Uruguay
This map of Uruguay was published by the International Bureau of the American Republics (instituted in 1910 as the Pan American Union), an agency established in 1890 in Washington D.C., by resolution of the International Conference of American States. The bureau published handbooks, maps, and a monthly bulletin for disseminating information relating to the promotion of trade among the countries of the Americas. The map shows international borders with Brazil and Argentina, major cities and towns, provinces and provincial borders, railroads, undersea telegraph cables, navigable rivers, and the route ...
The Sublime Pearl in the Sacrament of the Eucharist
This manuscript volume contains two drafts of a work on the Eucharistic sacrament (Arabic, sirr al-‘Afkharistiya). The sacrament is revered in many Christian churches, including the Coptic Orthodox Church, as the transformation of bread and wine into the body and blood of Jesus Christ. It is the central event of every mass in the Orthodox tradition and in many Western denominations. The volume contains two versions of the same essay. Authorship is ascribed to Iryan Moftah (1826–86), even though his name does not appear anywhere in the notebook ...
Titusville, Pennsylvania, 1896
This panoramic map shows Titusville, Pennsylvania, as it appeared in 1896. Located in western Pennsylvania, Titusville is known as the place where the modern oil industry began. In 1859, the recently formed Seneca Oil Company hired retired railroad conductor Edwin L. Drake to investigate suspected oil deposits near Titusville. Drake used an old steam engine to drill a well that began the first large-scale commercial extraction of petroleum. By the early 1860s, western Pennsylvania had been transformed by the oil boom. The numbered index at the bottom of the map ...
Contributed by Library of Congress
Bird's-Eye View of the World's Columbian Exposition, Chicago, 1893
The Chicago world’s fair, or the World’s Columbian Exposition as it was officially called, was held in 1893 to mark the 400th anniversary, the previous year, of Columbus’s arrival in the Americas. The fair marked Chicago’s coming of age as a national and world city, a mere 60 years after the city’s founding and just 22 years after the great Chicago fire of 1871. This map, produced by the Chicago-based Rand McNally and Company, shows the design of the exposition, which was mainly the work ...
Contributed by Library of Congress
Telegram from Orville Wright in Kitty Hawk, North Carolina, to His Father Announcing Four Successful Flights, 1903 December 17
At approximately 10:35 in the morning on December 17, 1903, Orville Wright made the first powered, controlled, and sustained flight of a heavier-than-air machine. The flight lasted 12 seconds and covered 120 feet (37 meters). Orville and his brother Wilbur made three more flights that day, the longest of which covered 852 feet (260 meters) in 59 seconds. With this telegram, sent from Kitty Hawk, North Carolina, in the late afternoon of the same day, Orville informed their father of the achievement. The text reads: “Success four flights this ...
Contributed by Library of Congress
Wilbur Wright Working in the Bicycle Shop
This 1897 photograph shows Wilbur Wright (1867–1912) at work in the bicycle shop in Dayton, Ohio, which he ran with his brother Orville (1871–1948). After starting a printing business and a weekly newspaper, in 1892 the brothers opened the shop to rent, sell, and eventually manufacture bicycles. Neither brother had education beyond high school, but they became fascinated by the possibilities of human flight and read and studied all they could about aerodynamics. Having concluded that all published tables on air pressures on curved surfaces were wrong, they ...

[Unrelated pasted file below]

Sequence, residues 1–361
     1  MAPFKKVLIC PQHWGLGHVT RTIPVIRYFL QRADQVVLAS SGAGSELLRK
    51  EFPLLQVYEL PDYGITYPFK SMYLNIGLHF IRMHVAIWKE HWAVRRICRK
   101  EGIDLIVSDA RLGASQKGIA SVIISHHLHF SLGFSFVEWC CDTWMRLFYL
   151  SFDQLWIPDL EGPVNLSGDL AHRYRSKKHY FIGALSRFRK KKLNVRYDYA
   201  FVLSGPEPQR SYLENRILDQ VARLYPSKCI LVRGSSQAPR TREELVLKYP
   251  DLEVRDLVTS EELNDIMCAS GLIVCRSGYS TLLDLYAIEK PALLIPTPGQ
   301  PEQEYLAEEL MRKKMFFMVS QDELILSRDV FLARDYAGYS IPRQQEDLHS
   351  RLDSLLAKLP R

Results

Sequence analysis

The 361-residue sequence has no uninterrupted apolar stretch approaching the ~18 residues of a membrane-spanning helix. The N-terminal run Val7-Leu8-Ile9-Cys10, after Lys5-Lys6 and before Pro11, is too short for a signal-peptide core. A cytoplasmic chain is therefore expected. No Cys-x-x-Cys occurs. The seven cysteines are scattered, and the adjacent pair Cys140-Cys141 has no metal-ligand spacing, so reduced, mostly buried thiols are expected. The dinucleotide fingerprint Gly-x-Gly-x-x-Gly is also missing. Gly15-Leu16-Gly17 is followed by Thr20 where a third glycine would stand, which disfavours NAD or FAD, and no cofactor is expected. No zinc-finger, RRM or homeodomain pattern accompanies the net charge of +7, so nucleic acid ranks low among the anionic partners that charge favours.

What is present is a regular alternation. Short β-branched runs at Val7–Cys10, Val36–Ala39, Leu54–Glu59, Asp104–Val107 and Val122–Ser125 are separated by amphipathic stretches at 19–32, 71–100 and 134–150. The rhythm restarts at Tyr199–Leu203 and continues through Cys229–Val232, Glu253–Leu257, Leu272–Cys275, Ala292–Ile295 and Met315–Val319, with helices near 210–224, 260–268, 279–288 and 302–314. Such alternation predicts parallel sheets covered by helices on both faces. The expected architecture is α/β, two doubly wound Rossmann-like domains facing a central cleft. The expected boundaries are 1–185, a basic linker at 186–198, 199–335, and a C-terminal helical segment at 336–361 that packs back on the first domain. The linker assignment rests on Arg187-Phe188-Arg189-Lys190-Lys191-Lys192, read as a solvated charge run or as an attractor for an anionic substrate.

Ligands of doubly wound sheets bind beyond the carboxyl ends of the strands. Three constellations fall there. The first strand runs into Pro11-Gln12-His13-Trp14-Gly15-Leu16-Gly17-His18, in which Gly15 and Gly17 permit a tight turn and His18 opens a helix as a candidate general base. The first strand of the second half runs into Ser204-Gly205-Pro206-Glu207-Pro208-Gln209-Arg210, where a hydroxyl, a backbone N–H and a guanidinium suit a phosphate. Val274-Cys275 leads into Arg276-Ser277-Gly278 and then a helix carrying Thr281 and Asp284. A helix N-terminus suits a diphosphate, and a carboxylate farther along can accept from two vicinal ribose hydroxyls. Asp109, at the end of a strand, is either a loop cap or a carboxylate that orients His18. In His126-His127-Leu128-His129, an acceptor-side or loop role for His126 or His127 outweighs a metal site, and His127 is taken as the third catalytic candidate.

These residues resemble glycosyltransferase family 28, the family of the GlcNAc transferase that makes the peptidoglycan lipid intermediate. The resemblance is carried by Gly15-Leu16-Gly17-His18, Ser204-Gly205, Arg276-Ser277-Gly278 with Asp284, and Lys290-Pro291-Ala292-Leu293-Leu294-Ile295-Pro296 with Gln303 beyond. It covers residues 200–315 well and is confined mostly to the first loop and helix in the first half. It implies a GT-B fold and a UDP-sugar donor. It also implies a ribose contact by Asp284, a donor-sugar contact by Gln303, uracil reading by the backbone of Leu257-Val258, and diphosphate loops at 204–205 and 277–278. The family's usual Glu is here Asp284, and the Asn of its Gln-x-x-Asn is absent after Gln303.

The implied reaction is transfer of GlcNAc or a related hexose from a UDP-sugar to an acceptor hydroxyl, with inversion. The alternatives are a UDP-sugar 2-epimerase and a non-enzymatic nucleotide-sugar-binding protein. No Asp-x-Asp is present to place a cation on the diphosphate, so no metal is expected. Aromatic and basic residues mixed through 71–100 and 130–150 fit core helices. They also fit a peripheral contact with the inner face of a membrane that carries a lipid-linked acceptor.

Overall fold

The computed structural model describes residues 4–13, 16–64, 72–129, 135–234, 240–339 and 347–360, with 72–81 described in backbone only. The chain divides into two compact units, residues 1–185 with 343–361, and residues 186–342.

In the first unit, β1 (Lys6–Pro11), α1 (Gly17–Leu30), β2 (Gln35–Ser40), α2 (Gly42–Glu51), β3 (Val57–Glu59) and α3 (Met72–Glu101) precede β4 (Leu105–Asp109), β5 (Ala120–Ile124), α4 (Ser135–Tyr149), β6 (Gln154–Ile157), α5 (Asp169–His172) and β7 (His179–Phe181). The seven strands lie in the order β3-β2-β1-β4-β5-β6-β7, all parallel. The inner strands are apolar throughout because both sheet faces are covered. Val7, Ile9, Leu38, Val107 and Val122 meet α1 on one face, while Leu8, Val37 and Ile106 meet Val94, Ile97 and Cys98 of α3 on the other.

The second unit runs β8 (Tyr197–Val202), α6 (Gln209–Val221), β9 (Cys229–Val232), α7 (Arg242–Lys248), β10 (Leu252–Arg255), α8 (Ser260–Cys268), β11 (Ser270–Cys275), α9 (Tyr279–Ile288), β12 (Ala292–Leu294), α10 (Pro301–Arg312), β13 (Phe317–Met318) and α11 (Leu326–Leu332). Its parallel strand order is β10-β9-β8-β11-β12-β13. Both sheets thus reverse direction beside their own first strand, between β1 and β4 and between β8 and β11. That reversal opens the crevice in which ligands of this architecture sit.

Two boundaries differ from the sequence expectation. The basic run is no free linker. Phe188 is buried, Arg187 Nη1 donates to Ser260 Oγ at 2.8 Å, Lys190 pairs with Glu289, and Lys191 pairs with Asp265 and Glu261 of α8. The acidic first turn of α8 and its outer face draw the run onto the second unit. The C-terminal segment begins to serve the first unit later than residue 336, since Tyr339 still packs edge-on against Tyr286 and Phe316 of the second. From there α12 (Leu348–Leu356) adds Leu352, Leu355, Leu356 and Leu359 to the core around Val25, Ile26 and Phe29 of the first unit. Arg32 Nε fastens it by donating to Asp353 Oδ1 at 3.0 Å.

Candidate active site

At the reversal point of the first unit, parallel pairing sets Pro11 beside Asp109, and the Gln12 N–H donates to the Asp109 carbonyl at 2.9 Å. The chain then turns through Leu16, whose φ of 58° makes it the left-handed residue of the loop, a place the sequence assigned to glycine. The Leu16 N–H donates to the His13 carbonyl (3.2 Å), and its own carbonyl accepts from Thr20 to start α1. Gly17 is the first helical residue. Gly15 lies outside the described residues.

Contributed by Library of Congress
Bird's Eye View of Cumberland, Maryland 1906
This panoramic map shows Cumberland, Maryland, as it appeared in 1906. Located on the Potomac River in the western part of the state, Cumberland was an important transportation hub early in the nation’s history. It was the western terminus of the Chesapeake and Ohio Canal, built between 1828 and 1850 to link the Ohio River with Chesapeake Bay. It was the starting point of the National Road (also known as the Cumberland Road), on which construction began in 1811, and which ran westward to Vandalia, Illinois. Cumberland later became ...
Contributed by Library of Congress
Alexander Graham Bell Laboratory Notebook, 1875-1876
In his notebook entry of March 10, 1876, Alexander Graham Bell (1847–1922) described the first successful experiment with the telephone, during which he spoke through the instrument to his assistant, Thomas A. Watson, in the next room. Bell wrote: "I then shouted into M [the mouthpiece] the following sentence: 'Mr. Watson—come here—I want to see you.' To my delight he came and declared that he had heard and understood what I said." Bell was born in Edinburgh, Scotland, where his father, Alexander Melville Bell, was a teacher ...
Contributed by Library of Congress
Study for Woolworth Building, New York
On April 24, 1913, President Woodrow Wilson pressed a button in Washington, DC, that first illuminated the more than 5,000 windows in the 60-story Woolworth Building, the tallest building in the world at that time. Located on Broadway in lower Manhattan, New York City, the building was a triumph of American construction technology and architectural prowess. Known as "the Cathedral of Commerce," it was clad in gleaming architectural terra-cotta, with a gilded roof ascending to 793 feet (233 meters). Shown here is a sketch elevation of the building by ...
Contributed by Library of Congress
Maps of Shazhou in Jiangyin County
The land on which Shazhou, Jiangyin County, Jiangsu Province (present-day Zhangjiagang) is located was formed by alluvial deposits of the Yangtze River over a period of thousands of years. As the land grew and changed, local people made paintings of the area, which they petitioned the authorities to acquire. Measurements of the narrow strip of land formed by the river deposits differed, and those seeking to obtain land often conspired with officials, resulting in lawsuits and disorder. Two officials, Wu Heng and Xie Cunbin, together with the magistrate of Jiangyin ...
Contributed by National Central Library